Pulmonary vein stenosis (PVS) is a rare disease in which abnormal cells build up inside the veins responsible for carrying oxygen-rich blood from the lungs to the heart. It restricts blood flow through these vessels, eventually sealing them off entirely if left untreated. Typically affecting young children, the most severe form of PVS progresses very quickly and can cause death within a matter of months after diagnosis.
Until recently, treatment options have been limited to keeping the pulmonary veins open through catheterization or surgery. Yet this approach only removes the cells but does nothing to prevent their regrowth. Now, a clinical trial shows that adding chemotherapy to a treatment regimen including catheterization and surgery can deter abnormal cellular growth and finally give children with PVS a chance to grow up.
“Through this approach, we’ve created the first-ever population of survivors who are living with severe PVS,” saysChristina Ireland, RN, MS, FNP, who has managed enrolling patients in the trial and treating new patients since the trial ended. “We’ve changed this disease from an acute killer to a chronic, manageable condition.” …
Retinoblastoma is a rare cancer that originates in the retina, the tissue in the back of the eye that converts light into visual information that is interpreted by the brain.
One retinoblastoma symptom in particular is finding itself in the spotlight. With a rise in social media use in recent years, retinoblastoma has attracted media attention for being a type of cancer that can sometimes be detected through photographs. Across the internet, news stories like this one abound in which friends or relatives have alerted parents to the potential risk of eye cancer after noticing that a child’s pupil appears white instead of red — a symptom called leukocoria — on photos posted to social media.
Fortunately, with proper diagnosis and treatment, 95 percent of children diagnosed with retinoblastoma can be cured. What’s more, a catheter-based treatment approach is now sparing patients from some of the side effects that can be expected from more traditional therapies. …
Researchers have discovered that killing cancer cells can actually have the unintended effect of fueling the proliferation of residual, living cancer cells, ultimately leading to aggressive tumor progression.
In their study, published in the January issue of the Journal of Experimental Medicine, the researchers describe how chemotherapy or other targeted therapies create a build-up of tumor cell debris, comprised of dead, fragmented cancer cells. In animal models, the team observed that this cell debris sets off an inflammatory cascade in the body and also encourages lingering, living cancer cells to develop into new tumors.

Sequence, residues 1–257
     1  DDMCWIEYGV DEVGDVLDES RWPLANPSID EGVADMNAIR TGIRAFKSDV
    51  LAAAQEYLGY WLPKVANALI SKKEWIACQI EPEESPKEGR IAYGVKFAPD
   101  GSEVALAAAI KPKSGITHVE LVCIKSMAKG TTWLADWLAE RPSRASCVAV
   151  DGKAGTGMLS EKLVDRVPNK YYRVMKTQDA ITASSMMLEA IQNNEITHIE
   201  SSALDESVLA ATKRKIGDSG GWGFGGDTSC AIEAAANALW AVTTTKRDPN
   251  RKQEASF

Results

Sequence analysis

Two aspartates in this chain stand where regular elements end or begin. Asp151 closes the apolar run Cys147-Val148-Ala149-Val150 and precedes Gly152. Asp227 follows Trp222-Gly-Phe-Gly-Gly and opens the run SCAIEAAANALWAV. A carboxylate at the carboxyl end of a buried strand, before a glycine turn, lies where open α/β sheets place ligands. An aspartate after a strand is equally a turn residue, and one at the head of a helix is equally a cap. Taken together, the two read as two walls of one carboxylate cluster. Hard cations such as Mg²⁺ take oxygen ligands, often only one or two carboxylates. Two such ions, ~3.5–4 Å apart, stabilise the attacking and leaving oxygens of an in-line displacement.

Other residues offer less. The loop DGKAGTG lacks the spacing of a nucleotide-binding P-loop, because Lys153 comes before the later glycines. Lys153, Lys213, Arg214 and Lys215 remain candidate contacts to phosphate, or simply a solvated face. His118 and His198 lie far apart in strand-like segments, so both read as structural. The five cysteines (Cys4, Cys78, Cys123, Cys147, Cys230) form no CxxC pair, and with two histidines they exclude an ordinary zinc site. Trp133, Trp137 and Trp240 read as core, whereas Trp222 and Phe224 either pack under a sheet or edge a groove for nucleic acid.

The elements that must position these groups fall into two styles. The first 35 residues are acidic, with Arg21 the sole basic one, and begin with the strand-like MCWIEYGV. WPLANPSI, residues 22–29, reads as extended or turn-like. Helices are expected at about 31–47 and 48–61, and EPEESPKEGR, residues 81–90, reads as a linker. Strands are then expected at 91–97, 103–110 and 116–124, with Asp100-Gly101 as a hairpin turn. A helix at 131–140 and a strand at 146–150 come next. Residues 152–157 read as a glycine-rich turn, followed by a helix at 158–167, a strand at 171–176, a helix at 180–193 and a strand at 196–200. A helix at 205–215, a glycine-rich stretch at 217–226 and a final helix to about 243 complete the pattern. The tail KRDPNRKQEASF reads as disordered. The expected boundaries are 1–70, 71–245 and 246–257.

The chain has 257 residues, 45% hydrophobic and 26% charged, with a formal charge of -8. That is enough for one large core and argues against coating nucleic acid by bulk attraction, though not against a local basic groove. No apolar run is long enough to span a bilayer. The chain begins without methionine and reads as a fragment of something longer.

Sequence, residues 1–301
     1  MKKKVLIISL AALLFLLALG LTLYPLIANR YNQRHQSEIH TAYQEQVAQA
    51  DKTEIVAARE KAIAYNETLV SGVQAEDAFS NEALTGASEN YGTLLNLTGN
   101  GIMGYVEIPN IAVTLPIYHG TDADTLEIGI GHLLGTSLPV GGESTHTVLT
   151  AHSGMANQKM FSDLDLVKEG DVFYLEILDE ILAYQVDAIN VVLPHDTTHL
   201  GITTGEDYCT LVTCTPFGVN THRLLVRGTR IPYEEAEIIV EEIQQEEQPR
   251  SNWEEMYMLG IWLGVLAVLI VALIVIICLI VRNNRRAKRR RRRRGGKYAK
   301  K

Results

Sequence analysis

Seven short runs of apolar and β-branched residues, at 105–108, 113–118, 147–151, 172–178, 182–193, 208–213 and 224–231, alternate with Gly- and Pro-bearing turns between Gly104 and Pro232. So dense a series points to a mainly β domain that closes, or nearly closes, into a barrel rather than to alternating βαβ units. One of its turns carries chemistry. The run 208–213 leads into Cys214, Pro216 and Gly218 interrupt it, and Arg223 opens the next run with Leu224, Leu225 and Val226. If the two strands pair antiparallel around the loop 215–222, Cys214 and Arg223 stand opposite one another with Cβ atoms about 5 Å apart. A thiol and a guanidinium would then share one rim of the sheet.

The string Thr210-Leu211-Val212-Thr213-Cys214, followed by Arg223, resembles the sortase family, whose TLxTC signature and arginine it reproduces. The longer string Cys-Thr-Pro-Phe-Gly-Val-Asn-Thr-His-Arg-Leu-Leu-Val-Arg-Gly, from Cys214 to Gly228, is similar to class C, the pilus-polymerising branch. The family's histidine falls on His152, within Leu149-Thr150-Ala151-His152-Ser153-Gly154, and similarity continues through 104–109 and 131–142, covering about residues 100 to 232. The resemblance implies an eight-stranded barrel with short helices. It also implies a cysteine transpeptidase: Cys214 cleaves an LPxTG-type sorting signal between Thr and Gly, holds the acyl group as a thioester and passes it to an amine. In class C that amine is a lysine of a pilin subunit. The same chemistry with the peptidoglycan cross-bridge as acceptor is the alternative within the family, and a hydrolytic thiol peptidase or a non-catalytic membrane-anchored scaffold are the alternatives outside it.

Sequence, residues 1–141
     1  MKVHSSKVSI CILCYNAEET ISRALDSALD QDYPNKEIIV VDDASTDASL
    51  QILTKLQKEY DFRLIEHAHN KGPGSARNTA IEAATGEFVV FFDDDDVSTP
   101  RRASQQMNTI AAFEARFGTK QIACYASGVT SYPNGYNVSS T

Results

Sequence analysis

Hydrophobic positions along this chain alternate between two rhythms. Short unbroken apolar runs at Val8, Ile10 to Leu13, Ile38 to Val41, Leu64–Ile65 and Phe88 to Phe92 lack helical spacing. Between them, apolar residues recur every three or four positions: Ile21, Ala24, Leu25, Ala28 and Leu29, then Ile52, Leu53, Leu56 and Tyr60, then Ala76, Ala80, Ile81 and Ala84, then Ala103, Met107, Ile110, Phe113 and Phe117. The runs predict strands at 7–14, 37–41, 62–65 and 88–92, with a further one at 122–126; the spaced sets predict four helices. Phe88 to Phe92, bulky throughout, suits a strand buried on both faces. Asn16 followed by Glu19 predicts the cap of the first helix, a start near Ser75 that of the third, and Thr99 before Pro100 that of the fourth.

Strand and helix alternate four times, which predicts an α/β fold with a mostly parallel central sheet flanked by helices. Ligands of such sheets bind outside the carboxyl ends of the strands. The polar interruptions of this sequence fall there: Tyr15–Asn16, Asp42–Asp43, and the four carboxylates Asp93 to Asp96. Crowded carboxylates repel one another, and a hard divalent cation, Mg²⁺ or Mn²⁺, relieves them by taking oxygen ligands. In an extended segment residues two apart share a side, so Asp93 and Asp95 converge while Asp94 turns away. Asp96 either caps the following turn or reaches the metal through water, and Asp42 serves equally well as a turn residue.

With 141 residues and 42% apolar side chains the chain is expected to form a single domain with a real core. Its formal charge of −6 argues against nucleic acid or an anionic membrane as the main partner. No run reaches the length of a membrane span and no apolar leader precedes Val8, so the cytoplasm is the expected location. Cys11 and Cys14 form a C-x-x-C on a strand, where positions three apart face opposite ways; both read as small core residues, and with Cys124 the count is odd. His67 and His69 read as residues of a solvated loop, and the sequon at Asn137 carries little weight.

“Our findings reveal that conventional cancer therapy is essentially a double-edged sword,” says co-senior author on the study Mark Kieran, MD, PhD, who directs the Pediatric Brain Tumor Program at Dana-Farber/Boston Children’s and is an associate professor of pediatrics at Harvard Medical School. “But more importantly, we also found a pathway to block the tumor-stimulating effects of cancer cell debris — using a class of mediators called resolvins.” …
Clinicians have long known that children with Down syndrome carry an elevated risk of developing acute lymphoblastic leukemia (ALL), the most common pediatric cancer. Research consistently shows that children with Down syndrome are more likely to suffer complications from chemotherapy. At the same time, some studies have suggested that children with Down syndrome and ALL may have a higher chance of relapsing.
More than 75 percent of children diagnosed with cancer are surviving into adulthood, leaving more and more parents to wonder: Will my child be able to have children down the road?
They’re right to be concerned. The cancer treatments that are so effective at saving children’s lives can themselves cause a host of problems that don’t manifest until years later. These late effects include particularly harsh impacts on fertility.
On our sister blog Notes, urologist Richard Yu, MD, PhD, of Boston Children’s Hospital and fertility specialist Elizabeth Ginsberg, MD, of Brigham and Women’s Hospital outline where the science of fertility preservation is going.